North Korea plans to stick to satellite launch, despite criticism
Other countries were "sadly mistaken" if they thought North Korea would let their criticism of its plans to launch an observation satellite force it to forgo the operation, North Korean official media commented Sunday, dpa reported.
The United States, South Korea, Japan and the United Nations have all expressed worries since the Friday announcement about the satellite plans, due to concerns that the launch could be used to secretly test ballistic missile technology.
But North Korea rejected the worries in a Sunday statement by KCNA, the state broadcaster.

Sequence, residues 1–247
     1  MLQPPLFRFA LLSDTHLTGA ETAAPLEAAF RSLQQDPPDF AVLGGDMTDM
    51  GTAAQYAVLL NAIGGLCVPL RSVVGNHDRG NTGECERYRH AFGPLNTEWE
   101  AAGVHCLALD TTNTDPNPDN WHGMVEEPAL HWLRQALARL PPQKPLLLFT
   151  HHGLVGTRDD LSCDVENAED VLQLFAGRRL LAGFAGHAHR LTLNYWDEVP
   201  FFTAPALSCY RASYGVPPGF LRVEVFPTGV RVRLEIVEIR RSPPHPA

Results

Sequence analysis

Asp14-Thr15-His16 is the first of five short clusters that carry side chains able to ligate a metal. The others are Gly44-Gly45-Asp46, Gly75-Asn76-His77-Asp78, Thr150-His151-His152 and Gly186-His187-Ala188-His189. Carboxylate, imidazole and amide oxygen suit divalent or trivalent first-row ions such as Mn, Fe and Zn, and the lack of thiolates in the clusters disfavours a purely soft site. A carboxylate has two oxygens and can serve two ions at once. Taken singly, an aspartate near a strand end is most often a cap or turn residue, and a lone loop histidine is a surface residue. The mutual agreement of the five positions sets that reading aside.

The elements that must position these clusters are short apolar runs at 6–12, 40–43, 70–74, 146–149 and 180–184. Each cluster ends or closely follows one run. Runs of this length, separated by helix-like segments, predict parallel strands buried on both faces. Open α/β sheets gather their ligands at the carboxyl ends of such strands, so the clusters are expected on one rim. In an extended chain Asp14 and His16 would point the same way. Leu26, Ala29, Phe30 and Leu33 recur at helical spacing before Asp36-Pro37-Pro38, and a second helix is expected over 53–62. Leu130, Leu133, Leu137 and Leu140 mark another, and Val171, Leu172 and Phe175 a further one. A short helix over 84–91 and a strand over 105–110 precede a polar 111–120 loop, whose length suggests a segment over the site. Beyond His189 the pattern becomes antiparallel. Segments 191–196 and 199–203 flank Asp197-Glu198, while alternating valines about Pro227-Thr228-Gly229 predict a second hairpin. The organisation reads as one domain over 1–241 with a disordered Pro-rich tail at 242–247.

"The peaceful development and use of space is a universally recognized legitimate right of a sovereign state," read the commentary. It noted that satellite launches for scientific exploration could not remain a monopoly of a few countries.
Opponents of the launch were also accused of being antagonistic towards North Korea.
Washington has said that going ahead with the launch could call into question a February 29 agreement in which North Korea agreed to a moratorium on its nuclear and long-range missile programmes and the start of international nuclear inspections, in exchange for 240,000 tons of US food aid.
The satellite launch of the Kwangmyongsong-3 satellite is set for between April 12 and 16. Its launch is to commemorate the hundredth birthday of former North Korean leader Kim Il Sung, who died in December.